I don’t think lyrics and poetry are the same thing. Anyone who really knows me knows I think that. I ascribe to Wallace Stevens’ notion of poetry as a vivid attempt to define something vague or unknown, the linguistic equivalent to painting or sculpting. Plato had this notion that the artist is constantly trying to get a glimpse of Beauty’s pure form. Well, to me poets are just word artists trying to do the same thing, and so I’ve always considered poetry to be something divine. I regard poetry the same way people regard religion – a quest for truth and a way to understand God. Song lyrics don’t do this for me. For me, song lyrics capture surface emotions – I’m sad…I’m made…I’m lonely…I’m happy…I’m in love. I’m not saying they’re silly, or insignificant when compared to poetry. On the contrary, I think they’re vital and serve a necessary purpose. People relate to lyrics more than they relate to poetry, and this is important. When a person connects to a song it makes them feel less lonely, like there’s someone else out there that understands them, that their problems aren’t a new thing. Having this kind of common ground helps people trudge forward through their daily lives, and that’s why lyrics are so important. I don’t think they’re less important than poetry. I just think they do something different.
All that aside, I do think a songwriter can employ a level of poetic technique in his or her songs. Bob Dylan did this a lot. He used alliteration, slant rhyme, and varied meter in many of his songs. People often mistake these songs as poetry, and I think as far as lyrics go they come the closest, but I really think it’s just good songwriting rather than good poetry. Another songwriter who utilized effective poetics in his craft was Leonard Cohen. Cohen was one of the only songwriters to have success as a poet before he had success as a songwriter. In some cases, Cohen’s songs employ the same kind of mechanical poetic technique as Dylan’s (though I think Dylan was stronger at it), but where Cohen was strongest was in his imagery and use of metaphor. One need only listen to his song “Take This Waltz,” “Hallelujah,” or “Suzanne” to understand what I mean. I’m not going to talk about any of those songs today, however, because they don’t serve my purpose as well as the one I’m going to feature. The whole point of my series is to feature my favorite songs from a songwriting standpoint, not what I consider the best songs. I think the best songwriters are the ones that deliver a line that resonates with the listener on a personal level, something that connects with those surface emotions I walked about earlier. A lot of Cohen’s songs do this, but only one does it the best.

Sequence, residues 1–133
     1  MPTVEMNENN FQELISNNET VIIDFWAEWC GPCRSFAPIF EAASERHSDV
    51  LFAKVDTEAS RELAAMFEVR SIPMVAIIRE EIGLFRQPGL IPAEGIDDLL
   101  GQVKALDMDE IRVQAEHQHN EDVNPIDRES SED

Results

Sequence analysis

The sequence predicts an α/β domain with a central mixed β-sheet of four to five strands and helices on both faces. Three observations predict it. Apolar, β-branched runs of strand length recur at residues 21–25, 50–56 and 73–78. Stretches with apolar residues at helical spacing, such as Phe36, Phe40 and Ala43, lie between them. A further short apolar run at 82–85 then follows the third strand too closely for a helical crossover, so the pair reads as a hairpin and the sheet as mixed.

“Chelsea Hotel #2” is a Fuck You Song. I love Fuck You Songs, and you will probably come to realize this as the series goes along. They are the ultimate punishment, especially if you get famous. If someone has wronged you in some way, and broken your heart, what better way to get the back than immortalizing the pain they caused you in a song? I have tried to do this a few times in my own songwriting, but not nearly as effective as this song. It starts off with the speaker recollecting about getting a blow job at the Chelsea Hotel in New York City. Then in the second verse, the speaker recalls something this woman says, and Cohen delivers what I think the line of the song is. His lover says she usually does this with “handsome men,” but is making an exception in his case then says, “We are ugly, but we have the music.” This is the line that resonates with me because this best defines what an artist is. For the most part, artists are not pretty people. They have scars, both physically and mentally. It’s through this ugliness that they are able to create something beautiful. The song ends with the speaker addressing his old lover again, and telling her that he didn’t love her the best and doesn’t even think of her that much, as if her blow job has blended into the rich tapestry of blow jobs he has received, a splendid “Fuck You” to end the song.